Clonbur’s Titanic tragedy

Titanic remembered
Clonbur’s Titanic tragedy

One Clonbur man perished on the fateful Titanic

For most passengers the reason for boarding HMS Titanic was the hope of a better life in the new world. John Flynn from Clonbur had already found the American dream having emigrated years previously. He was returning home to his wife and family in Pittsburgh after visiting his sister in Ireland.
John was born in Carrowhakeen, the only son of John and Catherine Flynn. He had two sisters. Mary emigrated to America where she married John Gallagher and settled in New York. Bridget, the youngest, remained at home looking after the farm following the death of her father. She married Martin Mannion from Gortnasup and they lived in Carrowhakeen where she cared for her elderly mother.
John left for America at a young age going to live with an uncle in Pittsburgh. He secured work in the local steel mills. He married Mary Cassidy from the village of Dooras near Cornamona on August 26, 1891 in Pittsburgh. They had six children and they lived in Oakland, Pittsburgh.
In March 1912 John returned to Clonbur to visit his sister Bridget. Life had not been easy on Bridget or ‘Bid Ann’ as she was affectionately known. Their mother Catherine died in 1906 and her husband Martin passed away in 1910. After arriving in Clonbur John wrote to his wife in Pittsburgh telling her he arrived safely. During his stay he assisted Bridget with daily chores on their small holding. On Easter Saturday John was setting potato ridges in Carrowhakeen when he received a letter from his wife Mary in Pittsburgh. Whilst the contents of this letter were never revealed it’s clear it was a matter of urgency as John immediately abandoned his task and set about returning to America. Joe Kyne was General Merchant and Boat Agent in Clonbur. His premises were located where The Fairhill House Hotel stands today. It was here John Flynn paid £6-19s for a third class sailing ticket number 368323.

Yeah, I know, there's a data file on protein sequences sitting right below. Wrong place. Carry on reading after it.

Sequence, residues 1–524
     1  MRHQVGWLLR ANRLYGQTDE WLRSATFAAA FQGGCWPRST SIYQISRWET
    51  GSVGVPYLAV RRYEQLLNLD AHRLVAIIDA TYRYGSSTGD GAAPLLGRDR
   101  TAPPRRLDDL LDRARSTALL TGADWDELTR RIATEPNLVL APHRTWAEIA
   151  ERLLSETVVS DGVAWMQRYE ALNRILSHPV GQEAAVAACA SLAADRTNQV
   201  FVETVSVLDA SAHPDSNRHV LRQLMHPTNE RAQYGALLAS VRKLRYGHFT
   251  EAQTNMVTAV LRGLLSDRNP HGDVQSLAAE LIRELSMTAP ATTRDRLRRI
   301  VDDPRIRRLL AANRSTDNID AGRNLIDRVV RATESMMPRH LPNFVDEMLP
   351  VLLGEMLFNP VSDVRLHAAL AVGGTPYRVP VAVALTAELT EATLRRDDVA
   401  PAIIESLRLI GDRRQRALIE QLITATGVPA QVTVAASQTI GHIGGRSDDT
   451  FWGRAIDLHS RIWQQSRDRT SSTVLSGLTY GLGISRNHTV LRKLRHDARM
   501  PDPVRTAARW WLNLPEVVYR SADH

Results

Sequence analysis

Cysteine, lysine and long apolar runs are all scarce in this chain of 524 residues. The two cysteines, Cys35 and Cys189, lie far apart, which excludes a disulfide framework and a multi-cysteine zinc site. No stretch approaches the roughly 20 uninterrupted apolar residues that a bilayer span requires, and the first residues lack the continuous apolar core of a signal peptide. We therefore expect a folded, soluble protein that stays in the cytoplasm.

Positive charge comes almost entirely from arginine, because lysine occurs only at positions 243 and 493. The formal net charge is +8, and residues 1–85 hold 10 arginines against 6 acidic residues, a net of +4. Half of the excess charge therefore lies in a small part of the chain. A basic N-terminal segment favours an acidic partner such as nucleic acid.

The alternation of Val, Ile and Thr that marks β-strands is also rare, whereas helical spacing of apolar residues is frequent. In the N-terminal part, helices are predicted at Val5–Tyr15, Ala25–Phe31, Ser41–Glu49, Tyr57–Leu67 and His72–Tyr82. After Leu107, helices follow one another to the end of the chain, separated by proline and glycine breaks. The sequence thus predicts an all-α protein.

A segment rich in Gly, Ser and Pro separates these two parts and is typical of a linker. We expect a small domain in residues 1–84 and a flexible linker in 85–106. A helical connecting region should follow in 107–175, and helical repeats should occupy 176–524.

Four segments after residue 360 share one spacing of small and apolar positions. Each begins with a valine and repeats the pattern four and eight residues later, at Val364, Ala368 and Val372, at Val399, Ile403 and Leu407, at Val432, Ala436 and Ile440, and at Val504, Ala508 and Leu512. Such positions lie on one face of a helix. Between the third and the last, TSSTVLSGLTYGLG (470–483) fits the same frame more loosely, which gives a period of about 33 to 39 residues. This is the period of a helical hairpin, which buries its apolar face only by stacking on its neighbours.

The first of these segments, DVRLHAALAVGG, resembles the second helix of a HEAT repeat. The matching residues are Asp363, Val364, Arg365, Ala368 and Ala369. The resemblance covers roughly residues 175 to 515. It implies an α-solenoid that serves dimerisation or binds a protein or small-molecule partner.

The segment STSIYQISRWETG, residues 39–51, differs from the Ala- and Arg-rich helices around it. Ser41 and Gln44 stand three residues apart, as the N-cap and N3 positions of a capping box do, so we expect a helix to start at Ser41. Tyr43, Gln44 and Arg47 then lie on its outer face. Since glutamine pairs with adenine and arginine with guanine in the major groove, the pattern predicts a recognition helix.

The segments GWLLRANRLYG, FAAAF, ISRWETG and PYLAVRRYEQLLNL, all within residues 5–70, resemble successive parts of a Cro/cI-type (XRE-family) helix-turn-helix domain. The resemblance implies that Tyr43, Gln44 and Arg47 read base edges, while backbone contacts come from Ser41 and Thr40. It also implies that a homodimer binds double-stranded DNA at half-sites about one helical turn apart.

He visited his in-laws in Dooras on Easter Sunday. While there a sister of his wife expressed a wish to go with John to the land of opportunity. Her mother dissuaded her from making the journey.
The following Tuesday John left for Ballinrobe on the first leg of his return journey.  A subsequent letter from Bridget to his wife Mary reveals she had given John ten shillings to purchase a shawl in Ballinrobe as a gift to Mary
He stayed overnight in Ballinrobe in The Railway Hotel and took the train to Queenstown where he boarded ship on Thursday, April 11, 1912. Operated by White Star Line, RMS Titanic was on its maiden voyage from Southampton to New York. On Thursday, April 12 Titanic hit an iceberg in the North Atlantic Ocean. John Flynn was among the 1,514 passengers who lost their life in one of the worst disasters in maritime history. He was 42 years of age.
A series of letters from Bridget to his wife in America followed inquiring about any tidings of a husband, father and brother. His body was never recovered.
But now, thanks to the diligent work of Bernadette Feerick, Veronica Flanagan and Ann McGuigan the people of Clonbur can finally honour John Flynn who lost his life on that ill-fated voyage.
The task became a labour of love for this small but hardworking committee. They have painstakingly gathered details of his life and, in as much as possible, traced the itinerary of his fateful journey. 
Father Martin Moran, a native of Kildun, The Neale is a distant relative of John Flynn. He recalls attending a film in Cong about Titanic. On returning home he regaled the harrowing tale to his parents only to discover the family connection.
On Sunday next Father Martin, assisted by Father Peter Connolly, will celebrate Mass in St Patrick’s Church Clonbur at 2pm in his memory. Earlier he will bless the ruins of the Flynn home in Carrowhakeen at 1.15pm. After Mass, Galway County Councillor Sean Ó Tuairisg will unveil a stone monument in the village of Clonbur. Other Titanic memorabilia will be on display and the hard-working committee have also produced a souvenir booklet that will be on sale on the day.
Were it not for the invaluable work and time invested in this project by Bernadette, Veronica and Ann, the story of John Flynn might have forever remained untold. It’s through their dedication that Clonbur can now remember John Flynn.
The specially inscribed stone to his memory will be unveiled in Clonbur just over a hundred years to the day he left Carrowhakeen under the shadow of Mount Gable for the final time.
The spirit of passenger 368323 is finally home from the sea.